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Doody's Review ServiceReviewer: Julia M. Fine, RN, PhD, FNP-C(Indiana State University)
Description: This second edition, updated from the 2000 edition, is a pocket-sized reference for nurse practitioners working in primary care clinical settings with women. Frequently occurring problems are covered in system-by-system order that includes signs and symptoms, ICD-9 codes, differential diagnoses, diagnostic tests with CPT codes, management/treatment/referral algorithms, and client education. This book is one in the series Management Guidelines for Nurse Practitioners.
Purpose: This book was prepared as a clinical reference for use by advanced practice nurses working with women. The author emphasizes the role of nurse practitioners in health promotion and counseling women for symptom management. The well-indexed and organized book would serve as a handy resource in a busy clinical setting.
Audience: The primary audience is students and novice practitioners in the field of women's health, but the book would be a useful reference for experienced nurse practitioners when unfamiliar symptoms or health problems are encountered with female patients. The author is both a professor of nursing and a women's health nurse practitioner with 20 years of clinical experience. Her experience in the advanced practice role is evidenced by the clinical pearls highlighted in the text and the emphasis on the unique teaching and counseling role of the advanced practice nurse.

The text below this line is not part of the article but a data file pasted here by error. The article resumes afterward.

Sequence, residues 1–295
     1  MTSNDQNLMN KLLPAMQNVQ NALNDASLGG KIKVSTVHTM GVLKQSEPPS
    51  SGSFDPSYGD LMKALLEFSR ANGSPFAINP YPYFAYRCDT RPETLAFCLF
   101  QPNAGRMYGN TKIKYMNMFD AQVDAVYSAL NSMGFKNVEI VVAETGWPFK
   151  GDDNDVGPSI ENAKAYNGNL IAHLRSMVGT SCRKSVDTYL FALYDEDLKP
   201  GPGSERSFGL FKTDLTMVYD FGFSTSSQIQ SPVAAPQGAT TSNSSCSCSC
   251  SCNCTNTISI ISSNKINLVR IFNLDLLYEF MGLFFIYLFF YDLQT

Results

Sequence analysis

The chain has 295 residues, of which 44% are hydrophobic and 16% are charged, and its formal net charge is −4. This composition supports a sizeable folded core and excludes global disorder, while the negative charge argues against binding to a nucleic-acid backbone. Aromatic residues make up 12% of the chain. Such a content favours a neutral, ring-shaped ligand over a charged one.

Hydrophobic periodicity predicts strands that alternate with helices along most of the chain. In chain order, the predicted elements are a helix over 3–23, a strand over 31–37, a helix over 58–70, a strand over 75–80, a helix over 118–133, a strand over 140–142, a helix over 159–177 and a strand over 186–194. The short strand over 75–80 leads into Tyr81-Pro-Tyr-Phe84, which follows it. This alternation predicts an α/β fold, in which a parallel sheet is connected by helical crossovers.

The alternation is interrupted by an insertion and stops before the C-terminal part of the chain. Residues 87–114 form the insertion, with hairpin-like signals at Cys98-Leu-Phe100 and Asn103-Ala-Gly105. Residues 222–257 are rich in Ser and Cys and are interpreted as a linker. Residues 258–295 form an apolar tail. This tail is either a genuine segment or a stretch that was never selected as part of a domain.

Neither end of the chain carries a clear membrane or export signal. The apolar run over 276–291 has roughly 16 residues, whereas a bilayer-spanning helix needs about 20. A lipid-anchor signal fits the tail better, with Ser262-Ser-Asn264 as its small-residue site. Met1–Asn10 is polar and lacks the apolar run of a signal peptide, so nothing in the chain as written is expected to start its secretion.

Features: In addition to a chapter on health promotion and symptom management, reproductive concerns are emphasized with summaries of contraception, common complaints, and complications of pregnancy and postpartum, menopause, and reproductive disorders. Numerous tables and algorithms summarize and distill knowledge; while the text provides succinct explanations. Select references included in each chapter date from 1997 to 2002. Although most of the information is up-to-date, the reader should be aware that in some fields such as contraceptives, new products are emerging frequently, and any clinical reference text must be supplemented by consulting the latest current guidelines. The list of Internet resources and organizations provides the practitioner with useful starting points for research and referrals. An appendix of over 40 patient handouts could be useful and are illustrated, but the large chapter title headings on some topics and the small size of the book pages precludes making attractive copies directly for patients. Patient handouts in an electronic format accompanying the book would be more useful.
Assessment: This updated quick reference is an excellent summary of guidelines for advanced practice nurses caring for women in primary care settings and can be used in conjunction with more in-depth resources such as that found in Contraceptive Technology, 18th edition, by Hatcher et al. (Ardent Media, 2003). With rapid change in the field of women's health, frequent updating of clinical references is recommended.